REDWOOD CITY, Calif. — Health care technology company Biotricity is working with a proof of concept version of its remote patient monitoring hardware embedded with artificial intelligence as it seeks to differentiate itself in the growing remote monitoring marketplace. “We plan on implementing artificial intelligence at the device level to maximize detection and accuracy while increasing efficiency,” said Waqaas Al-Siddiq, founder and CEO of Biotricity, in a statement. “We expect our next generation Bioflux device with artificial intelligence capabilities to be the first of its kind in the RPM marketplace.” The company plans to file an additional hardware clearance with the U.S. Food and Drug Administration this year, before launching the next version.
BOSTON and TOKYO – Partners Connected Health and Hitachi are working together to develop artificial intelligence technology which can accurately predict the risk of hospital readmissions within 30 days for patients with heart failure.
“With this innovation, doctors and nurses using the algorithm will be able to tell exactly why a certain patient is at high risk for hospital admission, and what they can do about it,” said Dr. Kamal Jethwani, senior director, Partners Connected Health Innovation, in a statement. “We want to enable our providers to act on this information, which is a step beyond the state-of-the-art today, in terms of machine learning algorithms.”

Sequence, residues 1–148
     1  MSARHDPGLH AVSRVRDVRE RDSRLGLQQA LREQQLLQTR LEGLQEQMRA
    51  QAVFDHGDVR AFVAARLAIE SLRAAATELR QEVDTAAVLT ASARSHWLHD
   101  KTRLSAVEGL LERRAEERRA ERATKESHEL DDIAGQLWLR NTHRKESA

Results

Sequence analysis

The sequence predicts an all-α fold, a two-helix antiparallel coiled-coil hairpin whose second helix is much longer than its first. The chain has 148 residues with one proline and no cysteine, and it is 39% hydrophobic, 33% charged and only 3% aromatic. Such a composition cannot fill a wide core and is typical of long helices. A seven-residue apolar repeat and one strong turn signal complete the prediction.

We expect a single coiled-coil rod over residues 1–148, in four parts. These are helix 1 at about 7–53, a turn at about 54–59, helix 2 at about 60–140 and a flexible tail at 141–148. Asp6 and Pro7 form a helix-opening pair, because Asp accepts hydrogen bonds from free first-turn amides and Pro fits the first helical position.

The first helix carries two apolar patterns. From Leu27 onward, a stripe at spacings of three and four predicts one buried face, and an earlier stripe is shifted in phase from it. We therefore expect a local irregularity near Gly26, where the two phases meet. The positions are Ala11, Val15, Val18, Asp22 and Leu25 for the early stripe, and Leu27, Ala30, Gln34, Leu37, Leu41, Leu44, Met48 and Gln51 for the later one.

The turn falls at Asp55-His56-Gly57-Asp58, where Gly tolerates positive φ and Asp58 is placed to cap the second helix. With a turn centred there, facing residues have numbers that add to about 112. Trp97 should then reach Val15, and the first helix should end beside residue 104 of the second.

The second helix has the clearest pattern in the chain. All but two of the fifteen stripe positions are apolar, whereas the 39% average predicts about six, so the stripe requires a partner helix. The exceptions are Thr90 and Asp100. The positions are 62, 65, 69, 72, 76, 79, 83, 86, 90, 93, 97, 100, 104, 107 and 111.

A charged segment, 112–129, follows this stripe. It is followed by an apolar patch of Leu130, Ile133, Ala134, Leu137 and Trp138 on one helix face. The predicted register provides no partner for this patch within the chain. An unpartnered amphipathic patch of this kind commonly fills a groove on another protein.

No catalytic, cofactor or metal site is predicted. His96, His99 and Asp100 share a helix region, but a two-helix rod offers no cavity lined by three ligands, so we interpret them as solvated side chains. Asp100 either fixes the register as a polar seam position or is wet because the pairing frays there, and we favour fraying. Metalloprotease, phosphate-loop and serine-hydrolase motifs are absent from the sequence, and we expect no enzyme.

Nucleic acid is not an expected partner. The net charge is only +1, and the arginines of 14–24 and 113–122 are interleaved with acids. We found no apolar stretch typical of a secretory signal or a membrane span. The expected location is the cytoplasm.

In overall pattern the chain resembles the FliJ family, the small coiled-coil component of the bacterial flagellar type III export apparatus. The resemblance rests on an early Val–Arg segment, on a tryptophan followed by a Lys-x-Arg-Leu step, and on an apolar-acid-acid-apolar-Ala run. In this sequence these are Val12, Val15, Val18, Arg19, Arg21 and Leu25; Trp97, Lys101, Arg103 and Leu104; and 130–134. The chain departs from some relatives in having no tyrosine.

The AI technology helps select appropriate patients to participate in a readmission prevention program following hospital discharge, and can explain the reason why patients were identified as being at high risk.
The technology is an example of explainable AI, a new term currently defined as enabling machines to explain their decisions and actions to human users, and enabling them to understand, appropriately trust and effectively manage AI tools, while maintaining a high level of prediction accuracy.